There are writers who set themselves goals: 1000 words a day, or, three hours every morning. Then there are writers who work only when the spirit moves them, waiting for inspiration and then working nonstop. I’m somewhere in between. I try to write consistently, but I don’t have a rock solid routine. I do hope for inspiration, but I have to work while I’m waiting–and pick up kids, and buy groceries.
The tricky thing about writing is that it’s not even or consistent work. Sometimes writing goes quickly, and sometimes it goes verrrry slowly. Sometimes it involves steady page by page progress, and sometimes work means throwing out three chapters or taking a walk. For this reason, it’s difficult to map out a writing project in neat equal installments.
What I’ve found is that each story has its own slope. When you start out, you’re writing your way uphill, figuring out what to do, learning–indeed, inventing–the terrain.
The middle of a story feels like cresting the hill. At this point, you might want to rush to the end, but don’t do that. Stop here, unpack your picnic, sit with your reader and admire the view.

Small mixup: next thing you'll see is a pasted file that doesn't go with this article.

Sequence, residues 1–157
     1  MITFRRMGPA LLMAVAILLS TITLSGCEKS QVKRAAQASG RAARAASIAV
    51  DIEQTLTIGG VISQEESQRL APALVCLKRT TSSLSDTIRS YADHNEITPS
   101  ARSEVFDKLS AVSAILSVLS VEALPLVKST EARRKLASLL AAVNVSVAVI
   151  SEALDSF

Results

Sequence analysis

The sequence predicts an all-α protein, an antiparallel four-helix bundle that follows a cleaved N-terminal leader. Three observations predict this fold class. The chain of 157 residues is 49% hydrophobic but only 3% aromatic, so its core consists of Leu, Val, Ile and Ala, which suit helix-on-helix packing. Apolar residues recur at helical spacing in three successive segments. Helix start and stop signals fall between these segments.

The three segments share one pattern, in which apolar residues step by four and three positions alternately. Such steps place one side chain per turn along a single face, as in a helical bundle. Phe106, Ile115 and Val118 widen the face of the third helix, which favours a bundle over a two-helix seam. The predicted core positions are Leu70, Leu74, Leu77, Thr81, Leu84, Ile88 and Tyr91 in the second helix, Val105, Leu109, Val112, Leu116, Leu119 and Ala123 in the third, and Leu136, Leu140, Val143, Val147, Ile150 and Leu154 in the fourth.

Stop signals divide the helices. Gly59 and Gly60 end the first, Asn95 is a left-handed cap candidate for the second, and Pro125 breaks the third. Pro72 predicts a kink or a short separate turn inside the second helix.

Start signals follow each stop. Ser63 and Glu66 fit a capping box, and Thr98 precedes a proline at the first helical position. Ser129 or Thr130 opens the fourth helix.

Ending means writing your way down again. Writing downhill is much faster than working your way up, but you need to pace yourself so you don’t run out of energy, and step carefully so don’t fall, or start avalanches, or get lost in the woods.
Every writing project has its own slope–steep, or gentle, or slippery. A novel might have a gentle slope and a short story might have a rocky one, hard going at first. Strange and wonderful to consider these narrative topographies. Strangest of all to think that within a larger project like a novel, each chapter has its own slope, its own unique challenges and surprises–a sudden waterfall! A tangle of wild blackberries.